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Coercing Virtue by Robert H. Bork

Coercing Virtue by Robert H. Bork

Author:Robert H. Bork [Bork, Robert H.]
Language: eng
Format: epub
ISBN: 978-0-307-36853-9
Publisher: Random House of Canada
Published: 2002-03-03T16:00:00+00:00


Minister of Justice Jean Chrétien reported the same understanding to the committee.

The clarity of this history did not deter Justice Lamer, who reached a conclusion that Manfredi, with considerable restraint, calls “remarkable.” The clear intention of the legislature did not save the Act from a declaration of unconstitutionality. The Justice discounted the testimony of the Justice Department and the minister of justice because it was given by civil servants and did not sufficiently indicate the intentions of the legislative bodies that adopted the Charter. The absence of any counterargument in those bodies would normally, of course, indicate that they agreed with the drafters. If the Court bound itself to the substantive intent underlying the various constitutional guarantees, the Charter’s rights and freedoms would “become frozen in time to the moment of adoption, with little or no possibility of growth and adjustment to changing societal needs.” This interpretation, of course, ignores the function of Parliament and the provincial legislatures in meeting changing societal needs.

Some Canadian commentators see the same problems that certain of their United States counterparts do with judicial review. Manfredi agreed that “rights-based judicial review is a positive element of liberal democracy” because it safeguards “individual rights and liberties by enforcing constitutional limits on legislative and executive power,” ensuring that “liberal democracy does not degenerate into tyranny.” But he went on in a passage partially quoted in the epigraph to this chapter:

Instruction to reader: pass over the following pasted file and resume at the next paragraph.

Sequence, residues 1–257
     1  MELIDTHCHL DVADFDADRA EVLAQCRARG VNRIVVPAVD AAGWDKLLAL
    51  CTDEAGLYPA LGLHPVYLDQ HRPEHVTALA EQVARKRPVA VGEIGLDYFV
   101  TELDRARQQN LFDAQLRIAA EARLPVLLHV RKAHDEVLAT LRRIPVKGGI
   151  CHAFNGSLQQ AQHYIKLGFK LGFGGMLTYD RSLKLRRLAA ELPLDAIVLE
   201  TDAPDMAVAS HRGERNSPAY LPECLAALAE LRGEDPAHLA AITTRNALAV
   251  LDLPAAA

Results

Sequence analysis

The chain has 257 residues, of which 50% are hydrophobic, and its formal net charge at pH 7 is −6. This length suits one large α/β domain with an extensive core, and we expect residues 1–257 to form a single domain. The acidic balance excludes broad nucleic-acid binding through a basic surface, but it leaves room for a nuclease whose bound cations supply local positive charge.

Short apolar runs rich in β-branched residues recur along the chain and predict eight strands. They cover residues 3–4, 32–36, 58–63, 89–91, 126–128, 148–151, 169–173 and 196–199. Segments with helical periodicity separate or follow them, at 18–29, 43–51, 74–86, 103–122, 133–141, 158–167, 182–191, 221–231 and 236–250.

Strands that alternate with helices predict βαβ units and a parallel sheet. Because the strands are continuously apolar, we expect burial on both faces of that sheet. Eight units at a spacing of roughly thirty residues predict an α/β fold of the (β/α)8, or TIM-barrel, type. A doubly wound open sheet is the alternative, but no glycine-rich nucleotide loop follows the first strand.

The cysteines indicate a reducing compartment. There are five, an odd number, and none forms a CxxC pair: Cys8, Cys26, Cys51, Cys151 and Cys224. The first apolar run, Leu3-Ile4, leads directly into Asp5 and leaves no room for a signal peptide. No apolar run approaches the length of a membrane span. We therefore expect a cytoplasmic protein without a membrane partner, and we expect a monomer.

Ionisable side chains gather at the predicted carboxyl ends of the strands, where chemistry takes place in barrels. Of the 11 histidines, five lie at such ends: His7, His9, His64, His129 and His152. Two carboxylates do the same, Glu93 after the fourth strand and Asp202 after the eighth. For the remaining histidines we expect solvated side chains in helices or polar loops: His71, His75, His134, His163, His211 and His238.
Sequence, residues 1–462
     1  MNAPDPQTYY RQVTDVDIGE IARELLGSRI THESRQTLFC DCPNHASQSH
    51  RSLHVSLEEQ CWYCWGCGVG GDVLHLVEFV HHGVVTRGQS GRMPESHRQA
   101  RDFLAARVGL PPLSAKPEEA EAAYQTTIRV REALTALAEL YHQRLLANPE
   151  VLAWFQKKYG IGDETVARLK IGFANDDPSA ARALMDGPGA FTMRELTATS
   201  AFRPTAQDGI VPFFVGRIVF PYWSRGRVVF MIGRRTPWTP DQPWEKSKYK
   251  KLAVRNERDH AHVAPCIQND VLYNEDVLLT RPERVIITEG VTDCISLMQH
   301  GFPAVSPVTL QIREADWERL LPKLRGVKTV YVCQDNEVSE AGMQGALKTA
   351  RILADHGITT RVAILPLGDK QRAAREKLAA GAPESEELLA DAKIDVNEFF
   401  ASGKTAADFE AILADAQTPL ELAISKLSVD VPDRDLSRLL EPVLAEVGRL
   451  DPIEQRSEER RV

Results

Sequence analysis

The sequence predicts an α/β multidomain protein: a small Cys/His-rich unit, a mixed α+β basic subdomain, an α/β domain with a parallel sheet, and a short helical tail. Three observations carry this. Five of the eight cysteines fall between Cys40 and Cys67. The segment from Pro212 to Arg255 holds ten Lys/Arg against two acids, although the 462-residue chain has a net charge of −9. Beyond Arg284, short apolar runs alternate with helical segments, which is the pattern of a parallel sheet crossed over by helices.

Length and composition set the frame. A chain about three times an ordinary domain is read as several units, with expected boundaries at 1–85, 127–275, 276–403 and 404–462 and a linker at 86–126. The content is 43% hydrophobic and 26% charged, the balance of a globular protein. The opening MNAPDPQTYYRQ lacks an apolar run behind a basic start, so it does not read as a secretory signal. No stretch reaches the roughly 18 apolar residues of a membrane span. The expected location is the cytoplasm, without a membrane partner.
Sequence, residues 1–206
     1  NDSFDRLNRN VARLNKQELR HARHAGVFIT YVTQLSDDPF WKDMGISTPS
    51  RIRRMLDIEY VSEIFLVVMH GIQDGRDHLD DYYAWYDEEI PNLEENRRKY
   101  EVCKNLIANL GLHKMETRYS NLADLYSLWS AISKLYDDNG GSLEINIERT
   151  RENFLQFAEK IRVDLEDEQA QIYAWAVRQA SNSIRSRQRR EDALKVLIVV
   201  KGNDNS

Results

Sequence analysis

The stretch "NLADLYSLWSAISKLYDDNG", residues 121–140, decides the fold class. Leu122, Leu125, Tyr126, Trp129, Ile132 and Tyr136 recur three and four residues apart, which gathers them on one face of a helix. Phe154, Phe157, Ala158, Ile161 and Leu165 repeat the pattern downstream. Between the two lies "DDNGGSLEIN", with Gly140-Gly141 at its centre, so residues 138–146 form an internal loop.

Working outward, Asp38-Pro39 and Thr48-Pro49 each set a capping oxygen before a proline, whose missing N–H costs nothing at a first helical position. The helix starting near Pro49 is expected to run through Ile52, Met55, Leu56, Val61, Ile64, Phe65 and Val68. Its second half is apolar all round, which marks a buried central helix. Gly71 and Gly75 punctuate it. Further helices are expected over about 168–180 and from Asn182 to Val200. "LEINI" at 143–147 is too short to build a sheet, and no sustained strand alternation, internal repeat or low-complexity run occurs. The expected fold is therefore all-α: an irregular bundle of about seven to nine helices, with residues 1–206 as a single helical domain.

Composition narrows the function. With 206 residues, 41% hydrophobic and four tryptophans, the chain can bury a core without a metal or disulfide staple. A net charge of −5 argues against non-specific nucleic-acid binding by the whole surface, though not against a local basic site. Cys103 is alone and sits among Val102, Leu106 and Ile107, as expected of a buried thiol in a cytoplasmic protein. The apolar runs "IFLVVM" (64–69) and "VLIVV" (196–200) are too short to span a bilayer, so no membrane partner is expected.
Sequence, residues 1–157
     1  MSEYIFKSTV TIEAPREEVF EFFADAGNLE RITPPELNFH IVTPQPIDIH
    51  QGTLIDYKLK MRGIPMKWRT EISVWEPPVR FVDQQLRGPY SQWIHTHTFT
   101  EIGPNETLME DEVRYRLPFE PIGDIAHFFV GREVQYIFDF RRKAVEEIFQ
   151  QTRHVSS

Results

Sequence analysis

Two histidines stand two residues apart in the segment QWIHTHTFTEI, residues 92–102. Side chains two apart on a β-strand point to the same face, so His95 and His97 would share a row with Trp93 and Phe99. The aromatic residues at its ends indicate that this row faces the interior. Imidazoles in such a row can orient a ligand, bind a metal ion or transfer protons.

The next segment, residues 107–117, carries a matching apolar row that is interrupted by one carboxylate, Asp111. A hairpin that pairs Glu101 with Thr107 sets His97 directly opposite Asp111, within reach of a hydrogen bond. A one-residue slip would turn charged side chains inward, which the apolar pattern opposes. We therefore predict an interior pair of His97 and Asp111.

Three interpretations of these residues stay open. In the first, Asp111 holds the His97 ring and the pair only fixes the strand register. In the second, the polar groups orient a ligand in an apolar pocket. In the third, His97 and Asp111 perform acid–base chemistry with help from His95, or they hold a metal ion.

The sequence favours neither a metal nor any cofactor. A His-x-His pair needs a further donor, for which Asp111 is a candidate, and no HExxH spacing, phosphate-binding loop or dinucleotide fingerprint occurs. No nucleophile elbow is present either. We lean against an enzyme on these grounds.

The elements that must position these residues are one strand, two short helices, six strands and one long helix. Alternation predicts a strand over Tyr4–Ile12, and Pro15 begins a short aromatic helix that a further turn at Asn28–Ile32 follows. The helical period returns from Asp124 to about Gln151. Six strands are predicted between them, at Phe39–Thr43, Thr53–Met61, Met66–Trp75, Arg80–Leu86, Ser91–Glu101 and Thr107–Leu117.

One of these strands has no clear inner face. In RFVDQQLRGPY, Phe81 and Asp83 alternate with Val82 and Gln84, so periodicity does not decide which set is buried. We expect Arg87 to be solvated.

On the other hand, rights-based judicial review taken to its extreme becomes an anti-democratic power, wielded by courts to alter the fundamental character of a nation’s constitution without significant popular participation or even public awareness. Left unchecked, judicial power in this sense poses the same threat to liberal democracy as do other forms and uses of political power. … [In Canada] judicial power has continued to expand as the legitimacy of the notwithstanding clause has been further eroded. Judicial supremacy, in other words, is overtaking constitutional supremacy.



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